“Journalists have the duty and privilege to seek and report the truth, encourage civic debate to build our communities, and serve the public interest. We vigorously defend freedom of expression and freedom of the press as guaranteed under the Canadian Charter of Rights and Freedoms. We return society’s trust by practising our craft responsibly and respecting our fellow-citizens’ rights.”
“Anthropologists may choose to link their research to the promotion of well-being social critique, or advocacy. As with all anthropological, determinations regarding what is in the best interest of others, or what kinds of efforts are appropriate to increase well being are value laden and should reflect sustained discussion with others concerned. Anthropological work must similarly reflect deliberate and thoughtful consideration of potential, unintended consequences and long term impacts on individuals, communities, tangible and intangible heritage and environments.”
(The above excerpts were taken from the Canadian Association of Journalists website, and the other from the American Anthropological Association).
I’m one of those rare anthropology majors that actually wants to be a anthropologist, not just some art student who chased a fancy. So it was fitting that one of the classes I took last semester required me to step out into the field to get some experience conducting a research project. The scale of my project paled in comparison to something I would be doing in grad school, but I loved going through the motions of research. One of the most important components of my project was a series of interviews that had to be conducted, transcribed and reflected on. Unlike a journalist, this involved more than just shoving a recorder in someone’s face, doing some lackadaisical fact checking and twisting the words to make a story fit. There was a strict process. Permission needed to be attained. Confidentiality forms signed, and the identity of my informants protected. And every step of the way, it was my duty as anthropologist to ensure that the ethics were upheld. As a discipline, we recognize and appreciate the implications of our work. It’s personal, probing at times, and our findings have the potential to alter the fabric of a community significantly. Our work is collaborative, insightful and would be, in my opinion, worthless without the contributions of those who choose to share their stories with us. Imagine, if you will, if for human interest stories, journalists were required to take into consideration the epistemology, psychology, and cultural practices of the individual? Sure, it would require some research, any a little more time than the average story, but wouldn’t it make for better journalism?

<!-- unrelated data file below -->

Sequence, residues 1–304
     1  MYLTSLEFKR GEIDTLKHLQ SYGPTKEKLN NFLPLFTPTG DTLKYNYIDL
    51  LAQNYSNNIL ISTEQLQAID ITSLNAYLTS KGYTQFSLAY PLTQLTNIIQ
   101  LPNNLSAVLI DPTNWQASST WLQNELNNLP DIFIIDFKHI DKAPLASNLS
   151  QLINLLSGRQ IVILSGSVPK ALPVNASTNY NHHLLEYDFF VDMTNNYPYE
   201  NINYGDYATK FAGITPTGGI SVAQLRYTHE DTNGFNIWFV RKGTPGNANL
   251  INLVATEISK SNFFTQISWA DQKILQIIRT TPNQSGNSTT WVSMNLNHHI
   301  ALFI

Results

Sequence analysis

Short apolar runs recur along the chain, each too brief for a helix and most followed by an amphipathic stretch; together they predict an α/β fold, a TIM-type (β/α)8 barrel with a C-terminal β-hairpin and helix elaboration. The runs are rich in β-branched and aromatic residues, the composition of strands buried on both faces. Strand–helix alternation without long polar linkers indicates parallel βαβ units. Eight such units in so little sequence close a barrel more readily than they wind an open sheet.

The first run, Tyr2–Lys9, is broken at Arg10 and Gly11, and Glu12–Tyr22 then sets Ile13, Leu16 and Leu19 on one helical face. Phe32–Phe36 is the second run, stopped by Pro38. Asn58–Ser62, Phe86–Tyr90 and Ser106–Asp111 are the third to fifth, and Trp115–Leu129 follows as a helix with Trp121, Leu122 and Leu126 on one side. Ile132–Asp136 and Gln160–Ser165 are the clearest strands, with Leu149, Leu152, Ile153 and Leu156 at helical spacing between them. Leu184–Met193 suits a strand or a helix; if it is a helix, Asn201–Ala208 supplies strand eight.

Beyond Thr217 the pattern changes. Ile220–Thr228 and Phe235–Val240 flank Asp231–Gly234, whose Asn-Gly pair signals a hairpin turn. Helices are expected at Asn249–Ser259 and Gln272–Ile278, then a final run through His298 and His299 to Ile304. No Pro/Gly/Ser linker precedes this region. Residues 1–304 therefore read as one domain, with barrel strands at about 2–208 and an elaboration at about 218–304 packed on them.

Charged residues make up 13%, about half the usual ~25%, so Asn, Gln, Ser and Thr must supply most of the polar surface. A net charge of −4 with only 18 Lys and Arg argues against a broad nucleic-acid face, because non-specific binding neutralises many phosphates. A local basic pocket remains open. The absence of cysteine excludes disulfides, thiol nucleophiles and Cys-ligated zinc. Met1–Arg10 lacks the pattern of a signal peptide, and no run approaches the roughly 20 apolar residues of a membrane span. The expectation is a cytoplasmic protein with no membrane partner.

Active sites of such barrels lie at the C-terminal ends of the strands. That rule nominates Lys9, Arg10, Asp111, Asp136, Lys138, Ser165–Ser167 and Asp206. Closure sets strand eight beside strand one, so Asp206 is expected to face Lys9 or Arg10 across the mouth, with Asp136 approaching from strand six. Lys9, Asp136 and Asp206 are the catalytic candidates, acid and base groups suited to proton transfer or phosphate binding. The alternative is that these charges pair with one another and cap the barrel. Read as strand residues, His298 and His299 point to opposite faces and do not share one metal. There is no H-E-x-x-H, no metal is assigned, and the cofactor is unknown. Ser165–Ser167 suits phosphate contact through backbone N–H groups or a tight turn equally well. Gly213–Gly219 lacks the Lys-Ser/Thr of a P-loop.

I have generalized of course, and don’t want to paint all journalists with the same brush. However, it seems the media machine, despite often claiming to be ‘truth-seeking’, is far more concerned with the sensationalization of one’s misery than fully understanding a situation from all angles, or the implications it has by interjecting its own discourse. This may not apply to all genres of news stories, but at the very least, it’s food for thought.